Astra Zeneca reports profits boost

Anglo Swedish pharmaceuticals firm AstraZeneca reported a first quarter profit climb of 29 percent on Thursday on the back of a "strong" performance in emerging markets and sales of key products.

Net earnings leapt to $2.78 billion in the three months to the end of March, compared with the same part of 2009, AstraZeneca said in a statement on the report.

That easily beat market expectations for net profit of $2.15 billion, according to analysts polled by Dow Jones Newswires.

Turnover grew by 11 percent to $8.576 billion dollars during the reporting period, boosted by sales of key drugs like cholesterol drug Crestor, anti-psychotic drug Seroquel and asthma treatment Symbicort.

The pharmaceuticals group, which reports in dollars, was also aided by the US currency’s strength during the latest quarter.

“The first quarter results reflect continued strong market performance for key brands like Crestor, Seroquel and Symbicort,” said Chief Executive David Brennan said in the earnings release.

“We saw revenue growth in all major regions, including another strong quarter in emerging markets.”

Earlier this week, meanwhile, AstraZeneca agreed to pay a $520 million fine to settle allegations it illegally marketed Seroquel for unapproved uses.

The firm’s US division agreed to the fine for marketing Seroquel for so-called “off-label” uses not included in the drug’s approved product label, the US Justice Department said.

US authorities contended that AstraZeneca illegally marketed Seroquel for uses never approved by the Food and Drug Administration such as aggression, Alzheimer’s disease, anger management, anxiety, attention deficit hyperactivity disorder, bipolar maintenance, dementia, depression, mood disorder, post-traumatic stress disorder, and sleeplessness.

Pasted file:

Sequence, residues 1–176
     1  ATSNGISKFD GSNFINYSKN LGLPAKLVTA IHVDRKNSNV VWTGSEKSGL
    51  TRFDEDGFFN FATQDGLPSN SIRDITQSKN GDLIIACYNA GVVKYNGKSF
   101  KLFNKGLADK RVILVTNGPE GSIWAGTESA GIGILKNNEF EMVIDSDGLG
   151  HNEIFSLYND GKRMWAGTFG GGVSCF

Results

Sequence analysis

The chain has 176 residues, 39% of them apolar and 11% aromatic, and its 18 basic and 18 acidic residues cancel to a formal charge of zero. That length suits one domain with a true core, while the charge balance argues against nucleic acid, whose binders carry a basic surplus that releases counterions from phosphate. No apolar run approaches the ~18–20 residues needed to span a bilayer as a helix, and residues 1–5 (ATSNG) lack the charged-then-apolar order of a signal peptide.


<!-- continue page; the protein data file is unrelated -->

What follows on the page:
By doing so, the pharmaceutical group received government insurance payments that officials said were fraudulent.

Under the settlement terms, the federal government will receive some $301 million and various state insurance programs will get $218 million.

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Norway to send 200,000 AstraZeneca doses to Sweden and Iceland

Norway, which has suspended the use of AstraZeneca's Covid vaccine until further notice, will send 216,000 doses to Sweden and Iceland at their request, the Norwegian health ministry said Thursday.

Norway to send 200,000 AstraZeneca doses to Sweden and Iceland
Empty vials of the AstraZeneca vaccine. (Photo by GABRIEL BOUYS / AFP)

“I’m happy that the vaccines we have in stock can be put to use even if the AstraZeneca vaccine has been paused in Norway,” Health Minister Bent Høie said in a statement.

The 216,000 doses, which are currently stored in Norwegian fridges, have to be used before their expiry dates in June and July.

Sweden will receive 200,000 shots and Iceland 16,000 under the expectation they will return the favour at some point. 

“If we do resume the use of the AstraZeneca vaccine, we will get the doses back as soon as we ask,” Høie said.

Like neighbouring Denmark, Norway suspended the use of the AstraZeneca jab on March 11 in order to examine rare but potentially severe side effects, including blood clots.

Among the 134,000 AstraZeneca shots administered in Norway before the suspension, five cases of severe thrombosis, including three fatal ones, had been registered among relatively young people in otherwise good health. One other person died of a brain haemorrhage.

On April 15, Norway’s government ignored a recommendation from the Institute of Public Health to drop the AstraZeneca jab for good, saying it wanted more time to decide.

READ MORE: Norway delays final decision on withdrawal of AstraZeneca vaccine 

The government has therefore set up a committee of Norwegian and international experts tasked with studying all of the risks linked to the AstraZeneca and Johnson & Johnson vaccines, which is also suspected of causing blood clots.

Both are both based on adenovirus vector technology. Denmark is the only European country to have dropped the AstraZeneca
vaccine from its vaccination campaign, and said on Tuesday it would “lend” 55,000 doses to the neighbouring German state of Schleswig-Holstein.